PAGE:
Gosh, Facebook is so yesterday now for teens. Well, not so fast, but it could be happening. Slowly, it is hard to loose some billion people. Teens seem to be taking to more mobile friendly applications, Twitter is growing in usage, but what is booming is SnapChat.
SnapChat is a social media network (translation: you create a profile and connect with friends) that enables you to send photos to each other with a designation of how long that photo can be visible. Think of this as the “this photo will self-destruct in five seconds” type thing. Someone takes a ‘snap’ designates the receiver and how long the ‘snap’ can be viewed. Send the message, they get it and then it is gone.
Snapchat is one-on-one communication, more personal than texting or emailing as the content disappears. Itâ€™s the closest technology to a phone conversation or, gasp, real life interaction that I use.
Users can send photos and control how long the receiver views the photo (up to 10 seconds) on the app. If you try to take a screenshot of the photo, the app notifies the sender. Snapchat has been associated with sexting since it launched, an image that isnâ€™t helped by some of its risquÃ© marketing materials. I personally doubt how often the app is used for illicit purposesâ€”most users I know send goofy images to each other.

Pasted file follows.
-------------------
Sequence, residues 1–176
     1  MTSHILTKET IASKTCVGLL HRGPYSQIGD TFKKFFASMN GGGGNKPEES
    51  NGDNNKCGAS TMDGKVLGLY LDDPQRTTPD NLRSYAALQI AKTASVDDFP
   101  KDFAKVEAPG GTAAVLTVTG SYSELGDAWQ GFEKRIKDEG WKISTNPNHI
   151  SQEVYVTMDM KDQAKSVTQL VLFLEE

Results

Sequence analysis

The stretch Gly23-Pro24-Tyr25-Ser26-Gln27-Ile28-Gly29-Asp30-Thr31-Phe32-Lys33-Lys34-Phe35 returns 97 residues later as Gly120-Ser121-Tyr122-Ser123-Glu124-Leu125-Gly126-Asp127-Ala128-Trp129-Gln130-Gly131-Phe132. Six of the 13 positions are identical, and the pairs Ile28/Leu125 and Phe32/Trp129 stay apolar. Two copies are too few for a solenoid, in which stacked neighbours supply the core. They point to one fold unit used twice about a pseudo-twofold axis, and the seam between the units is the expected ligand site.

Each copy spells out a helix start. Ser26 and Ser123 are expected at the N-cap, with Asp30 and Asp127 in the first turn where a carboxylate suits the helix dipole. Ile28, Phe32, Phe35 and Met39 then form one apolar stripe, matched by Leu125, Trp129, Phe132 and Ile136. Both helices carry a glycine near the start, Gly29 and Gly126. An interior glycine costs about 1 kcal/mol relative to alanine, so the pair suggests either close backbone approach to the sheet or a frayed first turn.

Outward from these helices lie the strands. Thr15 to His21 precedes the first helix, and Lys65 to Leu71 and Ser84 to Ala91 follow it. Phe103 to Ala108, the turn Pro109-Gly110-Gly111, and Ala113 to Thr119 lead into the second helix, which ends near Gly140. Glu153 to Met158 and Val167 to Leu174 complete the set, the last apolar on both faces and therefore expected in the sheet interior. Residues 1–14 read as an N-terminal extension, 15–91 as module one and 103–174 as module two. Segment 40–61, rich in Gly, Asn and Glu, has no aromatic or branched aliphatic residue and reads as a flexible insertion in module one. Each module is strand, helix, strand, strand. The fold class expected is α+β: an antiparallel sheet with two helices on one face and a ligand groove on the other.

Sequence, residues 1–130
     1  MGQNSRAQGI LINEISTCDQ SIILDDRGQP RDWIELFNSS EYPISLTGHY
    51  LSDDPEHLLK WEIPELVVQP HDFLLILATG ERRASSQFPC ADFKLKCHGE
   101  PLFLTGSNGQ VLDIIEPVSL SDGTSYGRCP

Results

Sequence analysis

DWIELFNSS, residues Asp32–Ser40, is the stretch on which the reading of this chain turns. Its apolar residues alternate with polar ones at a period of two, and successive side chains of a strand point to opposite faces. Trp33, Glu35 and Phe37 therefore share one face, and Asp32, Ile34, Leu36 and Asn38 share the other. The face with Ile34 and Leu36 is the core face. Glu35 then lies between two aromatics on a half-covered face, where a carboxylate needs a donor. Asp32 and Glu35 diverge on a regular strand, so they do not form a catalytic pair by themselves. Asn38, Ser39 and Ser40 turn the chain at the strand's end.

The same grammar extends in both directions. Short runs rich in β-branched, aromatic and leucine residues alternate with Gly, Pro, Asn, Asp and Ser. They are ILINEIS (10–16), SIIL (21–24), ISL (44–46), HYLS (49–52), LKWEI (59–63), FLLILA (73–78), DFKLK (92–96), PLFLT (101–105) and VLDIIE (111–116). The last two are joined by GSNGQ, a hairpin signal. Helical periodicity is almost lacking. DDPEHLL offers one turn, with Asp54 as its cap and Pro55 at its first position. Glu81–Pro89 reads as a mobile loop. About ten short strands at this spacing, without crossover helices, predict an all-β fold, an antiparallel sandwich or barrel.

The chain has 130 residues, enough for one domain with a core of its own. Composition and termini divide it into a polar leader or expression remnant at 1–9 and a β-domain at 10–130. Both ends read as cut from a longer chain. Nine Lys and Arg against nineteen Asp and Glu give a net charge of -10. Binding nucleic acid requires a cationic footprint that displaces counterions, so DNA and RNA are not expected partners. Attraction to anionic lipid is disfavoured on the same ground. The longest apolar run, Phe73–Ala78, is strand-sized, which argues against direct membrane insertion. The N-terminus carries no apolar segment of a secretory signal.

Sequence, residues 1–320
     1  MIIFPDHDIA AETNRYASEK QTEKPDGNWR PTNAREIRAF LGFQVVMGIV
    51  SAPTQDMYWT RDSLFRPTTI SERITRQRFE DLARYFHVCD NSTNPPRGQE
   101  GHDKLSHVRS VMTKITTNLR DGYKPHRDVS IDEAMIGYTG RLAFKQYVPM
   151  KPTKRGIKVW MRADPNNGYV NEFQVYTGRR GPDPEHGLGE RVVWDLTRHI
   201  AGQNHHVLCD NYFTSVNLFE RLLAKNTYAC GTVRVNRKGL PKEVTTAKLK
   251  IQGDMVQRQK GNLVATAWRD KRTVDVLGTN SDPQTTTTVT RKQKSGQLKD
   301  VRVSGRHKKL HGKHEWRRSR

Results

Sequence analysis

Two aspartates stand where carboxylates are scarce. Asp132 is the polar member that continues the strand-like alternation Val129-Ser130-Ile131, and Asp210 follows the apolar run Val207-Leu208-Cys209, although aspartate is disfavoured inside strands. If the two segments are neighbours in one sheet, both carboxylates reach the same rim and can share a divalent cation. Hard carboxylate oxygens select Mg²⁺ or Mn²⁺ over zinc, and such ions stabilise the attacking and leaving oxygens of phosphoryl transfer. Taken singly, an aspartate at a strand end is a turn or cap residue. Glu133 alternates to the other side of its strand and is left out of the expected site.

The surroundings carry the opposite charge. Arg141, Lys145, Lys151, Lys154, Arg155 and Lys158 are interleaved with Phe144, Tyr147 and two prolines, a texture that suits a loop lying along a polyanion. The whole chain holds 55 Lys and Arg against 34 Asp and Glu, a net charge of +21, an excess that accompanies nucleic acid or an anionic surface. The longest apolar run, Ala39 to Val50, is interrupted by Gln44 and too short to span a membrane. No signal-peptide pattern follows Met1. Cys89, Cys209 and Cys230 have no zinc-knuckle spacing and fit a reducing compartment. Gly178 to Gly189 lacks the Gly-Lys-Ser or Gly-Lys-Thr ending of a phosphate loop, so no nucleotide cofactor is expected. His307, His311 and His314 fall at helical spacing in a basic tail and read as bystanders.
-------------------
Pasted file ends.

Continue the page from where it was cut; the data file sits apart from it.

With over 20 million photos uploaded each day, it is growing, and if you asked around the youth group you will find a handful of teens have caught onto this.
What You Should Know
1. Know that this is the new ‘It’ app for teenagers. Sure Instagram, Facebook, and Twitter still have their place. But keep you eye out for this one.
2. Upon my first hearing of this app I was concerned that this is a super easy way to share sexting type photos. Call me the alarmist on that one. Just being honest. I am not alone in that thinking though (read that linked article if you want more detailed security issues).
However, in talking to some of the youth I interact with. I sensed that their use for SnapChat was is far from that. They generally just see it as the next cool thing.
However, it only takes once and a good time and fun application can become harmful. So it might be worth your while to keep aware of the use of the app and share, at appropriate times, that even if someone does a screen capture of a less than desirable image they still have that image. You just happen to know about it. Someone also could take a photo of their phone. People still have cameras that they use to take photos, right?
So check it out, you might be surprised who is already on SnapChat from the youth group.
If you want to promote a cool photo app for the youth group or a youth event. Check out PhotoCircle (for android). The photos don’t disappear, but you can share your photos with others into a ‘circle’. A bunch of us leader types used it for the latest youth workers convention and it was a lot of fun to see others experiences and funny photos.